Casa Aljibe, which translates as Cistern House, is situated in the suburban district of Alpedrete, northwest of the Spanish capital. The underground cistern was built early in the 20th century and was originally connected to a well that supplied water to local properties.
Local architect Alejandro Valdivieso was tasked with creating a home for descendants of a family that has owned the site since the 1940s.
The cistern was adapted over many decades before becoming redundant in 1955. Since then it had remained in the same state until the recent intervention, and had been used as a warehouse and storage.
The south-facing plot is covered with scrubland vegetation typical of the hilly region, and the original building was constructed with an unusual plan that follows the topography of the rocky ground.
A retaining wall constructed on the southern side supports the main paved platform containing the well. Rather than disturbing the original configuration, the new addition highlights the shape of the existing platform.
“The pre-existing is accepted as a possible trace pattern,” said Valdivieso. “The curved glass facade follows the trace of the former step, which was maintained.”
The prefabricated structure that forms the new upper floor uses lightweight construction methods to rest on top of the existing stone, brick and concrete walls.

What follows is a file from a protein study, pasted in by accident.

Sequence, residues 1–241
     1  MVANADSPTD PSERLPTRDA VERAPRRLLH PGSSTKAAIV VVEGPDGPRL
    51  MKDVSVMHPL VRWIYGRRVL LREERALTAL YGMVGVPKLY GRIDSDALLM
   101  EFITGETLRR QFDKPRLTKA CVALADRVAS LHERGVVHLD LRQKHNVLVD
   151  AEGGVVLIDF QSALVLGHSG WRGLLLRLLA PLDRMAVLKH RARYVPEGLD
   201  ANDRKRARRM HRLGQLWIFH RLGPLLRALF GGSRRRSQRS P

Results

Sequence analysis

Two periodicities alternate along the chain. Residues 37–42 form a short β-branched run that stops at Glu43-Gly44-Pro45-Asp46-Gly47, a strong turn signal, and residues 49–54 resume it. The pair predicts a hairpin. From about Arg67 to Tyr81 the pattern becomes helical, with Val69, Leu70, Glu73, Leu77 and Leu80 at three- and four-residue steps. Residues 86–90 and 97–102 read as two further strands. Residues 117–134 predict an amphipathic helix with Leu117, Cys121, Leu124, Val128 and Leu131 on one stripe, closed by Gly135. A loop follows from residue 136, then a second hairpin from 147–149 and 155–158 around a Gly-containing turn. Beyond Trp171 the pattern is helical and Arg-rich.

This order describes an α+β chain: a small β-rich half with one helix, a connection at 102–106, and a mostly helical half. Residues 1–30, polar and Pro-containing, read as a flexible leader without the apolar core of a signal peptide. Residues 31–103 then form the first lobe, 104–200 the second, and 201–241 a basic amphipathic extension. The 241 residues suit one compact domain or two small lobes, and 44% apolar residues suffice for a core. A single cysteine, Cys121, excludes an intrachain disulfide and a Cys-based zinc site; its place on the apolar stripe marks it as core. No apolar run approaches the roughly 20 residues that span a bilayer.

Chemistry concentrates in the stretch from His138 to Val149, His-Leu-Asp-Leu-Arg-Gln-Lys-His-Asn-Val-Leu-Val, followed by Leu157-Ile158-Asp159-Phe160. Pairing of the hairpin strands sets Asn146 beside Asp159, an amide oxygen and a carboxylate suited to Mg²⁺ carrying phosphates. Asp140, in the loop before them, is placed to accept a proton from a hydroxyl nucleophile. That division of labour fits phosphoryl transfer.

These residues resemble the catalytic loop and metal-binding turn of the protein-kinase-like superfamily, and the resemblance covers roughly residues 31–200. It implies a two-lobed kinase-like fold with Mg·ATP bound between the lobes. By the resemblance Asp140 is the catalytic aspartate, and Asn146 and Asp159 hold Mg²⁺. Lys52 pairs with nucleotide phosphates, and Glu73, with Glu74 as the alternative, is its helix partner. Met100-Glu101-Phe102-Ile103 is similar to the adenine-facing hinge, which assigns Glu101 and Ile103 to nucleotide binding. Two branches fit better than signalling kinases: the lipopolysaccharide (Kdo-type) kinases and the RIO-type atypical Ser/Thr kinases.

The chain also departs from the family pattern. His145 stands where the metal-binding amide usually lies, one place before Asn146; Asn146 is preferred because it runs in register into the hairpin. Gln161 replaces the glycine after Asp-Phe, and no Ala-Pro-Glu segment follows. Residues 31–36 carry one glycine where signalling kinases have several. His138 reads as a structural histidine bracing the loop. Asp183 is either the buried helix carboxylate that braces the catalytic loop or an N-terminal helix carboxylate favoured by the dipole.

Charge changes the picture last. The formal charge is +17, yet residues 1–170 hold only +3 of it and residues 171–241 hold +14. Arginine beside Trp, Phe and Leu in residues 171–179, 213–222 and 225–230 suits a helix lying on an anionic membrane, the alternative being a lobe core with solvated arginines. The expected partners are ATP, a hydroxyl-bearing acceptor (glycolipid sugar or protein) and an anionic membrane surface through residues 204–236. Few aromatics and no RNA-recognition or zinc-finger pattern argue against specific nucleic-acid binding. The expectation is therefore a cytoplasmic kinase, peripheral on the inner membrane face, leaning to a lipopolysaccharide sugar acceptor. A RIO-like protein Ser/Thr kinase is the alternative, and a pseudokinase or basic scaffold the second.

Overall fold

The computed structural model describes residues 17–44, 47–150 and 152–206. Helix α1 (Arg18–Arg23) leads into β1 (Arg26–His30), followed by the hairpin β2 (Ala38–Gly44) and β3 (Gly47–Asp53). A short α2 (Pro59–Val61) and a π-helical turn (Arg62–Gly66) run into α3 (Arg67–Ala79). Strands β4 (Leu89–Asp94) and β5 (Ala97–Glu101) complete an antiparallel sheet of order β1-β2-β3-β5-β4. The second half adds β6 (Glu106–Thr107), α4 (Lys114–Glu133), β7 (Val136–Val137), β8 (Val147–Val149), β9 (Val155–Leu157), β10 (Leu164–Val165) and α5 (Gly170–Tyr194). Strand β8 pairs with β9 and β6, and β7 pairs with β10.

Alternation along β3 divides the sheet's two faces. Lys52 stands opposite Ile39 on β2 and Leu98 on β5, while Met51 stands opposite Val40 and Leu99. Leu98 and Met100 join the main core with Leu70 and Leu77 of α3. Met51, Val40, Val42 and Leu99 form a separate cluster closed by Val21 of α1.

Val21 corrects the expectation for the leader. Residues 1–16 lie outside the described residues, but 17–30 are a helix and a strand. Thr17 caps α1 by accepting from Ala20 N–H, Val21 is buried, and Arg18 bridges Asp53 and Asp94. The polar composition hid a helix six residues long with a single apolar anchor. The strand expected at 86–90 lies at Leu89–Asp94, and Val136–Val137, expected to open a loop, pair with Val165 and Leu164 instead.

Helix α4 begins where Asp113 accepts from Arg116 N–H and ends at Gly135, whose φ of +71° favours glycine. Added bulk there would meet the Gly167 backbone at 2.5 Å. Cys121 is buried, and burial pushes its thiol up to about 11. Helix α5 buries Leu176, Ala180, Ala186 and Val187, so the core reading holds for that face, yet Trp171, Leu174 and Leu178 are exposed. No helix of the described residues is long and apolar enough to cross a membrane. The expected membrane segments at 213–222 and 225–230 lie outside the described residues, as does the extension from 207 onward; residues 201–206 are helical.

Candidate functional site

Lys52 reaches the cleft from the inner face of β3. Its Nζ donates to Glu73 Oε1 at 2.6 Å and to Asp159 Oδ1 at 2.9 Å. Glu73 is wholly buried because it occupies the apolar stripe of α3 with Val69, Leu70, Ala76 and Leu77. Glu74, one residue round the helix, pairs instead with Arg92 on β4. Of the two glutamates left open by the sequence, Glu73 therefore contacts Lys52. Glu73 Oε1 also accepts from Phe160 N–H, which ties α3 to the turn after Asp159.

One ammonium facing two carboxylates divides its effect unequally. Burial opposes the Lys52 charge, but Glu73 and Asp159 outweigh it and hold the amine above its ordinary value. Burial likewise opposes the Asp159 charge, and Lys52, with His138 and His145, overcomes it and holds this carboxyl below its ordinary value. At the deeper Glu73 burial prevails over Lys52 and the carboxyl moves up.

A metal framework supports walls made from prefabricated timber panels that enclose an open-plan living space comprising a lounge, kitchen and dining area.
The full-height glazed surface lining the living area incorporates doors that open onto the paved platform, which now functions as a patio between the house and the garden.
On the south-facing side of the building, the new volume slightly overhangs the old stone wall and looks out from its elevated position over a green canopy that extends above a patio.
The partially submerged spaces in the old cistern were adapted to accommodate private areas including bedrooms that open onto the sheltered outdoor space.
The metal roof is supported by steel beams that emerge from the original walls and are propped up on angled pillars.
A new blockwork wall provides privacy and adds to the distinctly contemporary aesthetic of this new space, which contrasts with the natural landscaping of the older surrounding gardens.
Photography is by David Frutos.